Chapter

Dealing with Drug Dealing

Peter Alldridge

in Harm and Culpability

Published in print August 1996 | ISBN: 9780198260578
Published online March 2012 | e-ISBN: 9780191682124 | DOI: http://dx.doi.org/10.1093/acprof:oso/9780198260578.003.0019

Series: Oxford Monographs on Criminal Law and Justice

Dealing with Drug Dealing

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Drug offences give rise to arguments for greater police powers and resources, alteration of police ethics (because of the use of agents provocateurs and various surveillance techniques) and greater internationalisation of criminal law. In seeking descriptions of what actually is wrong with any particular offence, and how to make differentiations in gravity between differing ways of committing it, one place to start is with the cases on sentencing. The leading ‘guideline’ case on sentencing for drugs offences is Aramah, in which the judgment discloses three major reasons for criminalisation: profits, consequential crime (both by users and distributors), and harm to the user. Any satisfactory explanation of what is wrong with drug dealing must account for legal regulation of tobacco and alcohol. This chapter seeks to identify the wrong in drug dealing by drawing attention to certain analytical similarities with blackmail. It also examines drug dealing as a form of exploitation and the reasons for decriminalisation of drug dealing.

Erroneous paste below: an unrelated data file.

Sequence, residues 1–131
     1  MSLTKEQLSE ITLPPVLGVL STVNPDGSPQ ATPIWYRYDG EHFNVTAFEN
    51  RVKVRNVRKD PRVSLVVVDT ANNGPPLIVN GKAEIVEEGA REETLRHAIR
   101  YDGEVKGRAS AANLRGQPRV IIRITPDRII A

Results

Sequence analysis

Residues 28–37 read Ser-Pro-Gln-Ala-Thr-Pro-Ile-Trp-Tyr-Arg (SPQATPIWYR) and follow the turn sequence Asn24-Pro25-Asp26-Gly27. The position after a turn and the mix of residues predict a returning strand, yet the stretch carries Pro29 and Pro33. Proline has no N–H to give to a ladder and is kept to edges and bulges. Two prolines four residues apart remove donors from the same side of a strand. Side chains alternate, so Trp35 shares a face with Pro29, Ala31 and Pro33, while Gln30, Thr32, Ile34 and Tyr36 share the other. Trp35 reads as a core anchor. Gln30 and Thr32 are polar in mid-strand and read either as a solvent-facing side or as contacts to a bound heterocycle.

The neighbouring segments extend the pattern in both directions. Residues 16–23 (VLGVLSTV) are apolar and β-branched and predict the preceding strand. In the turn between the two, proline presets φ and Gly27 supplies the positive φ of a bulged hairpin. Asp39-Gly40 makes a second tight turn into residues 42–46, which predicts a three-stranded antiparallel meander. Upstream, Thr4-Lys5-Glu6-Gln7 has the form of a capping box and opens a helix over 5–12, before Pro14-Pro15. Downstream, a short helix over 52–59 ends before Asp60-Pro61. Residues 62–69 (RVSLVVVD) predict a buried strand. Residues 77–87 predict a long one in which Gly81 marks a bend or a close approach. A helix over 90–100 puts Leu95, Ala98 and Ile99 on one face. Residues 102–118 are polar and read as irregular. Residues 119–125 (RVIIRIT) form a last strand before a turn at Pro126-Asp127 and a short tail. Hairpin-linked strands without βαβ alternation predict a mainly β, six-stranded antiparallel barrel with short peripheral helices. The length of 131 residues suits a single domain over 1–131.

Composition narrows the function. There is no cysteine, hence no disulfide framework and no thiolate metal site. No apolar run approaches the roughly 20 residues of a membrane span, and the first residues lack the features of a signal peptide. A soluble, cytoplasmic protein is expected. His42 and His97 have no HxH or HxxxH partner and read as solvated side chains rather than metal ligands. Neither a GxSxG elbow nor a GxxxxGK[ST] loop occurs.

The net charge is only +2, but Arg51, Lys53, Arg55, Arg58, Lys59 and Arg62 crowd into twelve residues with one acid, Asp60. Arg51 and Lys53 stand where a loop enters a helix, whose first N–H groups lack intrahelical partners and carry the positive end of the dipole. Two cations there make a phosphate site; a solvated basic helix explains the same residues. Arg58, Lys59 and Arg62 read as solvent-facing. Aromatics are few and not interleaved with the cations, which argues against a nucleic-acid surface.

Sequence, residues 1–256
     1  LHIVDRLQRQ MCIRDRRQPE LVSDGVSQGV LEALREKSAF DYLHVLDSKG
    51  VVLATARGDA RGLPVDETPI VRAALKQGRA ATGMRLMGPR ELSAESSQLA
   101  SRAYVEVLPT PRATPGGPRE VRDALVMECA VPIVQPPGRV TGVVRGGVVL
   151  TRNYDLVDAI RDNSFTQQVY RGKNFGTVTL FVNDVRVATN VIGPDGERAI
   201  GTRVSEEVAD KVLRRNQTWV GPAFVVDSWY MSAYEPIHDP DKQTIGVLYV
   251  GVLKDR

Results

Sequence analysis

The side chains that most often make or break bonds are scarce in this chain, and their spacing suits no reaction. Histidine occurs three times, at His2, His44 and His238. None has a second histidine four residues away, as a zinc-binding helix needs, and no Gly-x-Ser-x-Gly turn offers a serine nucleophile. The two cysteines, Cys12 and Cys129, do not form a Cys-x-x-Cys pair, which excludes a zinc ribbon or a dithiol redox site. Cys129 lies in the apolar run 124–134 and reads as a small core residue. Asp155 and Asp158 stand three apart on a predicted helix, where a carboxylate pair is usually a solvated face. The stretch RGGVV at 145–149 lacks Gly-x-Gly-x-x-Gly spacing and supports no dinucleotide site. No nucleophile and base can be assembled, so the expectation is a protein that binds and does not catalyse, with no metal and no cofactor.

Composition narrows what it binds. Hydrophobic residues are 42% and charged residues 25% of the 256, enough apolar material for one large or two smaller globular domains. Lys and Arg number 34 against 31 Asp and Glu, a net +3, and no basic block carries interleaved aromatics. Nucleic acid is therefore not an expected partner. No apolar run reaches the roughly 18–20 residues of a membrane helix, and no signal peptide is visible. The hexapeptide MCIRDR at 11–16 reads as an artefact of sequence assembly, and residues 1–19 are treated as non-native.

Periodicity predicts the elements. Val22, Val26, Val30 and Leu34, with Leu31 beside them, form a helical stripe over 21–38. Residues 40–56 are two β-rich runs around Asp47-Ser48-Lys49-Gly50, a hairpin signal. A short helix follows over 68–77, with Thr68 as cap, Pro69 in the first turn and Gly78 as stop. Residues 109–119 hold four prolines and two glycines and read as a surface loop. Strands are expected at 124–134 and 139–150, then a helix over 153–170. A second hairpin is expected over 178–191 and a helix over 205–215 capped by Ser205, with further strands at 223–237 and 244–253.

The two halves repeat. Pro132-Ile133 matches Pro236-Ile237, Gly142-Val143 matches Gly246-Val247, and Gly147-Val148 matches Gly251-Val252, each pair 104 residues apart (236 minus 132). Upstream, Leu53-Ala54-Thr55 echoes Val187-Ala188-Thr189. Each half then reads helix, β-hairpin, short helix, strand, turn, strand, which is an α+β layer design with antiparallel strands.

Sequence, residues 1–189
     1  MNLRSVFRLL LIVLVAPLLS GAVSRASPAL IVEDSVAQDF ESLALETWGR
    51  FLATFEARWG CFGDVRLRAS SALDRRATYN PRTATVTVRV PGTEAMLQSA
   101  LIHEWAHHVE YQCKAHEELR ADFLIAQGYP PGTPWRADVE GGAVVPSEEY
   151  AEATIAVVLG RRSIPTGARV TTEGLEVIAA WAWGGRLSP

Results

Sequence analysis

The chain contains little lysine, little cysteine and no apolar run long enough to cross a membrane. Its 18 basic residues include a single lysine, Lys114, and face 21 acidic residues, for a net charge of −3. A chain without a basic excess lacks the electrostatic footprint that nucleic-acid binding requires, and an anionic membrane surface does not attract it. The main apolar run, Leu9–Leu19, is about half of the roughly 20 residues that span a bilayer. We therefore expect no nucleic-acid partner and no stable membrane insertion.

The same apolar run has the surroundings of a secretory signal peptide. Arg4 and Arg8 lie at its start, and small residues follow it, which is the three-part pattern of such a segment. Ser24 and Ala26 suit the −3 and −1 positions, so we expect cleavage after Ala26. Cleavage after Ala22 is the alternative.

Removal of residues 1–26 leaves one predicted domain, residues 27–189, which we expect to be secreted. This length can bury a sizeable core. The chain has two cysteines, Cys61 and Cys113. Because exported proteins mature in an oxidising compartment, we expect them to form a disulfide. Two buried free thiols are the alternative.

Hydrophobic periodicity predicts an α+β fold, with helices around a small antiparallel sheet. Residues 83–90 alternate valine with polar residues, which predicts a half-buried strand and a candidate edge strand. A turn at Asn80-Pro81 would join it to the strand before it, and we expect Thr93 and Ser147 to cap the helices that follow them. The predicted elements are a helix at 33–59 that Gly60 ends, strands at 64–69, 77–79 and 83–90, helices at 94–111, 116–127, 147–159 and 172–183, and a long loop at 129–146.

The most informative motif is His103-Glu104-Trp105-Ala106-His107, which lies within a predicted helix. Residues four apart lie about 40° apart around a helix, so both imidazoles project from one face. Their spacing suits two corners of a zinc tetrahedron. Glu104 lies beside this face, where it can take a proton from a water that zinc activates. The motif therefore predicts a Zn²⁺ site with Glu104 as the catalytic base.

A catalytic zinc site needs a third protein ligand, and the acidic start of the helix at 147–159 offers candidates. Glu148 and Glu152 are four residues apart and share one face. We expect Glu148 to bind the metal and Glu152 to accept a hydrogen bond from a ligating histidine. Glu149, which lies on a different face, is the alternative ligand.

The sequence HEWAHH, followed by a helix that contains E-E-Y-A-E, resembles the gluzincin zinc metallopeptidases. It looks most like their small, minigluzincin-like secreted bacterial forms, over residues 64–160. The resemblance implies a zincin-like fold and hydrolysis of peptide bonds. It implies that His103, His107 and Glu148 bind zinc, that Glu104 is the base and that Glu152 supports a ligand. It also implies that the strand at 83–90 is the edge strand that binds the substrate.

Keywords: drug dealing; drug offences; criminal law; sentencing; criminalisation; decriminalisation; profits; consequential crime; harm; blackmail

Chapter.  9972 words. 

Subjects: Criminal Law

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